This is what happened:
Thursday, the car was damp with parental guilt as we made our way to the airport, a feeling that was killed off once we realised we were child-free for three whole days. “Think of all the relaxed sex we’ll have!” I exclaimed gleefully. She’ll deny it, but Linzi couldn’t wait either. She said as much, in between the sobs.
“It’s only for three days, and your sister will look after them like they were her own. If she had any,” says I. “Sure, doesn’t she have a dog and a cat. That must be even tougher than managing a couple of toddlers.”
It’s tougher for women. I’ve been away for days at a time before. You know, on my drug and alcohol binges. Linzi though. She’s been with them every second since they’ve been born. You’d think she’d be glad of the break, but there she was, crying.
I produced my lad in the car while I drove to the airport – it wasn’t easy trying to control two such mighty contraptions at once, but I knew it would make her laugh. Alas, not last Thursday. “Look at how small he is.” “Look at him winking at you.” Nothing worked. I shut my mouth and let her ride it out.
We landed at Shannon and got on the stinky bus. Mam had forgotten she said she’d collect us – she was up in Mayo on holiday. Some people go to Lanzarote. It takes all kinds.
I patted my flattened stomach when I got off the bus in Galway, glad I’d kept up the swimming. My family’s favourite name for me is “Fat (insert hilarious comedy word here)”. Fat bastard. Fat fecker. Fat cunt. Quality Irish humour, usually said while jabbing me semi-aggressively in the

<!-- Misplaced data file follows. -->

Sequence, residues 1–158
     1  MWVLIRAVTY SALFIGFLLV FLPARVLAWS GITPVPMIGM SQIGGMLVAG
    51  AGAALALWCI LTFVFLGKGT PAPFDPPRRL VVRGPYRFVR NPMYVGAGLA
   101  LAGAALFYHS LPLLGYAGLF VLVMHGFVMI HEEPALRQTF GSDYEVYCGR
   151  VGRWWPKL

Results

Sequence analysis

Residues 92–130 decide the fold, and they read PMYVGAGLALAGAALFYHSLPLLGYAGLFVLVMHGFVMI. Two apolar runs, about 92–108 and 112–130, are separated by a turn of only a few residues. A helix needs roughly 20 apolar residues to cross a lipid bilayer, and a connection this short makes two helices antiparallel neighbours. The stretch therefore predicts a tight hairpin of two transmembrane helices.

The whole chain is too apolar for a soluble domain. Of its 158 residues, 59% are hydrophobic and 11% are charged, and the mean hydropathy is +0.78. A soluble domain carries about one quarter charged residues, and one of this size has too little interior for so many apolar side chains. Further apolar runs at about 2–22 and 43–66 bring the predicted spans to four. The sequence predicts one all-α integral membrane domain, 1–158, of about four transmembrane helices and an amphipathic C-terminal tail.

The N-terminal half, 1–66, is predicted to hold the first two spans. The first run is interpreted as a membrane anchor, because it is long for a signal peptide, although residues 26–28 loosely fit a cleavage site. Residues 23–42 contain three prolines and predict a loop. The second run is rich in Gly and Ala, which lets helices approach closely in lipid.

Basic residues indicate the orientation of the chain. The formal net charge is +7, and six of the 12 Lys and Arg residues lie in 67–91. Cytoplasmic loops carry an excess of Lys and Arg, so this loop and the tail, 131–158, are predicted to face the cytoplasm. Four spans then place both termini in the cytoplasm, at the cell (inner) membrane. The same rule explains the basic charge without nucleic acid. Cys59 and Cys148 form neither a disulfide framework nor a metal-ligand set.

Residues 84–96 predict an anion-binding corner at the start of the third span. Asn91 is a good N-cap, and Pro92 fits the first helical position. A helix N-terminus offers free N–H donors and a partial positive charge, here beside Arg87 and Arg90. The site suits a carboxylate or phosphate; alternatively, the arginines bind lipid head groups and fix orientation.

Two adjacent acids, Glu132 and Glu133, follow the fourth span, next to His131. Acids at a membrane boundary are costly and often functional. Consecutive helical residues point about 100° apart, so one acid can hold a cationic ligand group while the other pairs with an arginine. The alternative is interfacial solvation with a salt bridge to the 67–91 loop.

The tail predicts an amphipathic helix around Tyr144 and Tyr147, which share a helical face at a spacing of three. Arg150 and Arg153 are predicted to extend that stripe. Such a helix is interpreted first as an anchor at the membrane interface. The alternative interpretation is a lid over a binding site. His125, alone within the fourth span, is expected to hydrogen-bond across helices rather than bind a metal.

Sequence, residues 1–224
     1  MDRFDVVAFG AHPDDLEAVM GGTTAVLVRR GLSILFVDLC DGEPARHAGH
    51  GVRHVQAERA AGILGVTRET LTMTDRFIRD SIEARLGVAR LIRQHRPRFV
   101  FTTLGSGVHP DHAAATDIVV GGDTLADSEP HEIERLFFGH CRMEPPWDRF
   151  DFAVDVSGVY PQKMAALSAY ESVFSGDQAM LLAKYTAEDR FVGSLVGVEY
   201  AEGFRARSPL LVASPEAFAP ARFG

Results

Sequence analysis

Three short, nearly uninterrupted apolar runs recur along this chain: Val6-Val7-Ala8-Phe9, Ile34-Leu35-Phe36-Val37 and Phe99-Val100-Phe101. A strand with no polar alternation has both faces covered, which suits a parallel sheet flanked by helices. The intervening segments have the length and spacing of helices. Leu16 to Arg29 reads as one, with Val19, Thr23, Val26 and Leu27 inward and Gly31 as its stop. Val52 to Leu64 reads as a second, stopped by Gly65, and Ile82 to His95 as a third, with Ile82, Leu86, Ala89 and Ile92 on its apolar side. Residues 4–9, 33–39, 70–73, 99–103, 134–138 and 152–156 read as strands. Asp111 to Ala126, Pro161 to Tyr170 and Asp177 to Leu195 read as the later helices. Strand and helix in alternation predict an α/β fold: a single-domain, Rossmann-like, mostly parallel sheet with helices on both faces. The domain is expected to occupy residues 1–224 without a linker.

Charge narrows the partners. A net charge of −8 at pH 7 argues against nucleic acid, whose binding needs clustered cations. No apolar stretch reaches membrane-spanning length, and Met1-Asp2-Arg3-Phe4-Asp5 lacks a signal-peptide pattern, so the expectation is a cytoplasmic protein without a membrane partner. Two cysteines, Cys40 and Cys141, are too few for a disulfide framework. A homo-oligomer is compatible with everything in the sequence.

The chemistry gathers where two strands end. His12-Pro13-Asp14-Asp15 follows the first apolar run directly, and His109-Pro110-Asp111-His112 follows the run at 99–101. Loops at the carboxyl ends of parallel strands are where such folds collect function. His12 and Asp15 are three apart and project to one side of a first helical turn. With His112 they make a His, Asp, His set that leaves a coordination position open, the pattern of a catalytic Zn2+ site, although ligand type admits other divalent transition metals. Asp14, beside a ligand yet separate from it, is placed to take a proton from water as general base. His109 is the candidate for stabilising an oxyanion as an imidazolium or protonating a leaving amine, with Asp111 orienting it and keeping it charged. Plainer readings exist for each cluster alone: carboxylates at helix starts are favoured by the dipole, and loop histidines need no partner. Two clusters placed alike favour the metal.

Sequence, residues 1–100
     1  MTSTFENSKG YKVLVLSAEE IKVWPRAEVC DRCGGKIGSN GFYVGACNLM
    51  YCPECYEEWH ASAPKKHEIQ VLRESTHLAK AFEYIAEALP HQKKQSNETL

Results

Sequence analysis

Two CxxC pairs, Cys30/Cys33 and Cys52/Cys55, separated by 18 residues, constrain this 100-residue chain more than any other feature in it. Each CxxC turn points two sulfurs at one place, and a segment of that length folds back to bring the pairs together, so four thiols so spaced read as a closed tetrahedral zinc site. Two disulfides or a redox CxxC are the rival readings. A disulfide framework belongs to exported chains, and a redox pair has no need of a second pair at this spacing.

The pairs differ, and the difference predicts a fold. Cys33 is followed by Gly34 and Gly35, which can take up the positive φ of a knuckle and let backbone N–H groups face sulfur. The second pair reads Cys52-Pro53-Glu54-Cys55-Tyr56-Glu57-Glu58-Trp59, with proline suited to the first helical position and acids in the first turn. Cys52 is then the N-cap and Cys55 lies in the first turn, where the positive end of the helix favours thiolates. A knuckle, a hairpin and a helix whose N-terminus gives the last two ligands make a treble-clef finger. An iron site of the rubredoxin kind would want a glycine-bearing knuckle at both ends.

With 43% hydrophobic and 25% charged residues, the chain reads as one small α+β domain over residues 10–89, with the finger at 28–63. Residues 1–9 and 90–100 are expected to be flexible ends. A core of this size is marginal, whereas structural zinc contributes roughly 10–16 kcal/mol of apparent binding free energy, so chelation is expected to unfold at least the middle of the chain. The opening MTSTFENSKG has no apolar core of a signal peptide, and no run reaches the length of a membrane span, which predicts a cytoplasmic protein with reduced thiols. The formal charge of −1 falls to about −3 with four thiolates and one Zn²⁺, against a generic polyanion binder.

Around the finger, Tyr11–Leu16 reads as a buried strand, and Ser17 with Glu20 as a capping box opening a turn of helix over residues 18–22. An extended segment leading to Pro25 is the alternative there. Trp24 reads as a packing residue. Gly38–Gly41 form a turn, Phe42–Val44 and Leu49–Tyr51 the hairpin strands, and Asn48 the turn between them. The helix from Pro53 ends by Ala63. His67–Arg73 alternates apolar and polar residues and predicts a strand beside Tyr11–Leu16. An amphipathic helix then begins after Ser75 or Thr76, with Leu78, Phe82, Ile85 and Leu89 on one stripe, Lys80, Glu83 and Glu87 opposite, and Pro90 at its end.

sirloin belly. None of that this time, ye pups! Ha!
It was weird being in Galway. I had to fight through throngs of lovely girls to make it to Woodquay, it being Race Week and all. Ladies’ Day, to be precise. Good old Race Week, when most normal folk can’t even afford to pay attention, never mind the exhorbitant prices for food, drink, and accommodation. On Shop Street a lad tried to charge me €5 when I asked him for the time. As my sister said when she picked us up “What fuckin use are the Races to Galway anyway?”. I rambled on about the enormous benefit to the local economy, just to annoy her, but then she jabbed me in the ribs and called me a fat fucker, so I stopped.
The night before the wedding, we went down to the Róisín Dubh for several pints too many. I also had a pizza in Monroe’s. If you’re ever drunk down the wesht of Galway city, get yourself a pizza in Monroe’s. I’d step over hot smokeless coals for one. And have.
Saturday was a 7.30 rise and I beat back the impending hangover with a swift litre of non-Galway water. I’d have got my hole kicked if I was hungover that day, but it’d have been even worse if I’d got Crypto’d up to my eyeballs. The wedding wasn’t ’til one, but we were going for a hot towel shave, myself, the groom and his groomsmen, hence the early rise. It was great – left my cheeks smoother than Craig David’s singing voice, and it lasted nearly two days. In fact, the second day, my cheeks felt like they’d feel after having a normal shave. Thirty squids though, not cheap. But sure wasn’t it worth it lads, for the day that was in it? It was, they told me.
The wedding was in Galway Cathedral. The cathedral is big, in case you didn’t know. There were 200 people at the ceremony and the place was still no more than a tenth full. Having said that, there were at least another hundred tourists milling around snapping photos during the course of it, which I thought was fucking disgraceful, but that’s Catholics for you.